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Griechische Keramik im kulturellen Kontext. Akten des internationalen Vasen-symposions in Kiel vom 24. bis 8.9.2001 veranstaltet durch das Archäologische Institut der Christian-Albrechts-Universität zu Kiel

Griechische Keramik im kulturellen Kontext. Akten des internationalen Vasen-symposions in Kiel vom 24. bis 8.9.2001 veranstaltet durch das Archäologische Institut der Christian-Albrechts-Universität zu Kiel

Edited by Bernard Schmaltz and Magdalene Söldner. Pp. 289, figs. 75, pls. 49. Scriptorium, Münster 2003. ISBN 3-932610-23-7 (cloth).

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The volume under review is the latest in a series of published conference volumes that are meant to focus broadly on pottery within the Greek world. These conferences and their accompanying volumes began in 1978 in Tübingen, as noted by Brijder who discusses their history briefly in his introductory essay. Another conference is in the planning stages for 2008 in Athens.

Although the scope of the Kiel conference was Greek pottery in context, 60 of the 76 papers focus on Attic black- and red-figure pottery in some fashion. The organizers of the conference, however, hoped to create a broad-based view of Greek ceramics around the Mediterranean in particular, so it is worth noting three points about the papers in the volume. First, there was pottery represented from outside the chronological boundaries of the Archaic and Classical periods (prehistoric: Winkler-Horaĉek; Geometric: Knauss, Recke, Kerschner, Krumme, Grabow, and Schulze; Late Classical: Fleiss, Esposito and Pedrina, and Weber-Lehmann; and Hellenistic: Vogeikoff-Brogan/Papadakis, Recke, Lafli, Puppo/Mosca, and Sens). Second, the breadth of the physical area covered included material from Magna Graeca and the Greek mainland but also from Iberia (Rouillard, Domínguez); the Black Sea (Fleiss, Sens, Dufkova, and Maslov); Turkey (Lafli, Ersoy, Recke, Kerschner, and Krumme); northern Europe (Krausse); and the Levant (Fisher, Tal, and Fantalkin). Finally, a number of productions outside Attica were discussed (Arafat, Kephalidou, Ekroth, Bouzek, Vogeikoff-Brogan/Papadakis, Greiveldinger, Stroszeck, Scholz, Weber-Lehmann, Puppo/Mosca, Schmidt, Knauss, Coulié/Jubier-Galinier, Regter, Winkler-Horaĉek, Maslov, Sens, Krumme, Kerschner, and Ersoy).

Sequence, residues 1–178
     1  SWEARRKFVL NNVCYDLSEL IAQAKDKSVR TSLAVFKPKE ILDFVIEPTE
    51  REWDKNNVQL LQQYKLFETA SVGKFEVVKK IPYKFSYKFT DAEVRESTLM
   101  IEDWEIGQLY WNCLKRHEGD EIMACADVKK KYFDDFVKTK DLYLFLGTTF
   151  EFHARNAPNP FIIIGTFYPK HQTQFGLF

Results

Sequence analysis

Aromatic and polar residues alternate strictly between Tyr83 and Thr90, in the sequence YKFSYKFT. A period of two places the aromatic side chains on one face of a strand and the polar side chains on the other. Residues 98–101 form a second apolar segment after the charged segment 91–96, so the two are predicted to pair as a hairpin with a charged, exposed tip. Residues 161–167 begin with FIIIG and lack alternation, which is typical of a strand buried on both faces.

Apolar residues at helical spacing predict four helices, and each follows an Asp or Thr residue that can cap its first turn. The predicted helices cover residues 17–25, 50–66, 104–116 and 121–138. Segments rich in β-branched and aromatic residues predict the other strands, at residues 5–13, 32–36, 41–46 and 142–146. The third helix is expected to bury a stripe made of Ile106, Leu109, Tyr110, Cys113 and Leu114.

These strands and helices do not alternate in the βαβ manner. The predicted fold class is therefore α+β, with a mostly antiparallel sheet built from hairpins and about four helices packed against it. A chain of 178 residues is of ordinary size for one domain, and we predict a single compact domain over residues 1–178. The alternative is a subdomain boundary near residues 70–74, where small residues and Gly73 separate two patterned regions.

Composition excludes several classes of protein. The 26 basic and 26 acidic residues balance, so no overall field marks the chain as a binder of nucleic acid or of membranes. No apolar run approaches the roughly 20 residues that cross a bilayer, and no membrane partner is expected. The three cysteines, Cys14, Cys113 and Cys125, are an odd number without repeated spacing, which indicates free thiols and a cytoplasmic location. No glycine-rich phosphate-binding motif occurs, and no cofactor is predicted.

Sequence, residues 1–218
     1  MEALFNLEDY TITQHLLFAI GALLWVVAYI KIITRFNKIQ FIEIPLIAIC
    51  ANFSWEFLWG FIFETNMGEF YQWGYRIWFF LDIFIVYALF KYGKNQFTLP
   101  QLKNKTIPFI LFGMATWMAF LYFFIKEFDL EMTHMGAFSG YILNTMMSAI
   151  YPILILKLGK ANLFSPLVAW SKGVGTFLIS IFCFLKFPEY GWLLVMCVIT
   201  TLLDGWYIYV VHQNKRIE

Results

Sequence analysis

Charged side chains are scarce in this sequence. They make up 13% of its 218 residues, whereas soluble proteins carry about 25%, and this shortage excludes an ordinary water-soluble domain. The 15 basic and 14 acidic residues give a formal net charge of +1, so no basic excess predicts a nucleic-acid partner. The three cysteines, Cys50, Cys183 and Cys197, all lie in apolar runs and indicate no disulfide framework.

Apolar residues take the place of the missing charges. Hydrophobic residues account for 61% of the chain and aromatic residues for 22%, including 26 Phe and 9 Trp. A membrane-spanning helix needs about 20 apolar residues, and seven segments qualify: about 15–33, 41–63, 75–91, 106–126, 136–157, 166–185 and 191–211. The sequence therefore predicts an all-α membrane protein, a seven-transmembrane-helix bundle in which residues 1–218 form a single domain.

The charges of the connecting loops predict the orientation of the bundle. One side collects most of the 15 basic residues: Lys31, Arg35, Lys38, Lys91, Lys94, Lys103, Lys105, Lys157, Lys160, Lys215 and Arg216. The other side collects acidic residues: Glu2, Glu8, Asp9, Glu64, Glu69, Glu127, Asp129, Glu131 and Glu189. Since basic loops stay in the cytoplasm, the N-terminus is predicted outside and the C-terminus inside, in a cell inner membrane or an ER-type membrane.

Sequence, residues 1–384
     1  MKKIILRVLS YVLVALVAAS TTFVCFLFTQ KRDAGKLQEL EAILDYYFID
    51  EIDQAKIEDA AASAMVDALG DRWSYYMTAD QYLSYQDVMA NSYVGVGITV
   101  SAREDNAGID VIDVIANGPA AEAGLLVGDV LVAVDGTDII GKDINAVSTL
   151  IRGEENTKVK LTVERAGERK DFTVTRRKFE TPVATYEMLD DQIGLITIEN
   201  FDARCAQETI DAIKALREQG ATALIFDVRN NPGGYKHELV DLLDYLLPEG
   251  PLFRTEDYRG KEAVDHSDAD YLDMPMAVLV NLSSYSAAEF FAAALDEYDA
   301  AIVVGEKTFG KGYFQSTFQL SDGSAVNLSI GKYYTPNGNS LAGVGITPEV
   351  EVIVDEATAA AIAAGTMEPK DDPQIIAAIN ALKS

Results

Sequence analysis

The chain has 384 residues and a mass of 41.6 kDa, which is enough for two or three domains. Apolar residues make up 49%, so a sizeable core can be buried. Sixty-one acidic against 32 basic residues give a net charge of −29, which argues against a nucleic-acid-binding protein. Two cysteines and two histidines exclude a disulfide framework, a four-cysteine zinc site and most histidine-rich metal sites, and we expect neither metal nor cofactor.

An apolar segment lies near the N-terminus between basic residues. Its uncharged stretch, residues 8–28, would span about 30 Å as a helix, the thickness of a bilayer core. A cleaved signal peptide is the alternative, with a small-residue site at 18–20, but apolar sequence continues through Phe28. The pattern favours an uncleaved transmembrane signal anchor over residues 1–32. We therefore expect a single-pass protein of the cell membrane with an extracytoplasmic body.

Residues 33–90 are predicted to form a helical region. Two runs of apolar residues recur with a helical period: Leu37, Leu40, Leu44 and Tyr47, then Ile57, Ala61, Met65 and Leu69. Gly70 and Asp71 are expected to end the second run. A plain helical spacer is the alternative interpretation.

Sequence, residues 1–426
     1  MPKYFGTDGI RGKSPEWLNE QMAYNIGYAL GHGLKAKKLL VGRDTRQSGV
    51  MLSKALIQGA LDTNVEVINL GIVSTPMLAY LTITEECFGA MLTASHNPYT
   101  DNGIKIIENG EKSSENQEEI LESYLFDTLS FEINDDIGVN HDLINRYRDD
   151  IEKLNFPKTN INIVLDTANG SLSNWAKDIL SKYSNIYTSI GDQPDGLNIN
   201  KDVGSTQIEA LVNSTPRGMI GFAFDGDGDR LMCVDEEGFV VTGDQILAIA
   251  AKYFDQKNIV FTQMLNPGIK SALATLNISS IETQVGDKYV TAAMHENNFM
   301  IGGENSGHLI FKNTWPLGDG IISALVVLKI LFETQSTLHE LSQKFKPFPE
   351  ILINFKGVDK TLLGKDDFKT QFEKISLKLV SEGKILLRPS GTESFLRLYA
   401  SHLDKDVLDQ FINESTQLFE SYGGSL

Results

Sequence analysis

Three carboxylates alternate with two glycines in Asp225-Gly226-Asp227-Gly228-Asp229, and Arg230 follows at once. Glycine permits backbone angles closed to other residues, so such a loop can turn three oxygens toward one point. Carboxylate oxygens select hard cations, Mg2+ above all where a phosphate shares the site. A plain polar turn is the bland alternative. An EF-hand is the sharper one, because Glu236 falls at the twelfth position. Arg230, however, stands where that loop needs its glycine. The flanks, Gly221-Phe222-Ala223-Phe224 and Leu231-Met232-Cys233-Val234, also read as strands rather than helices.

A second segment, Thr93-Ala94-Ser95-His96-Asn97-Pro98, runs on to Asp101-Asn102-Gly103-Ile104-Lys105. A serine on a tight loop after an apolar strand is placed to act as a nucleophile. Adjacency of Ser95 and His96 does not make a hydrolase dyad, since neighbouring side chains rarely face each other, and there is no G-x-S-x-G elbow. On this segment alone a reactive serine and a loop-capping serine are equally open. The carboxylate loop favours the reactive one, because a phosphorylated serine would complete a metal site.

The editors elaborated on the theme of the conference in their brief introduction. Three ways of examining context were to be considered: (1) Greek ceramics in find contexts from sanctuaries, graves, and houses; (2) Greek ceramics as mirrors of history, politics, and religion; and (3) Greek ceramics and acculturation. The overall arrangement of the volume left this reader puzzled since it was clearly not alphabetical nor did it follow clearly the divisions above. Although it was possible to place many of the papers into one or another of these themes, it would have been useful to have divisions within the table of contents and a brief introduction to each of those divisions that indicated overall how the papers fit into a particular way of examining context.

The principle value of these broad-based pottery conference volumes is that they present a sample of new directions and new material. While there is not space here to discuss all 76 of the papers in the volume, this reviewer would like to point out a few papers that are especially interesting for presenting successfully either new themes in pottery studies or new areas and directions for study.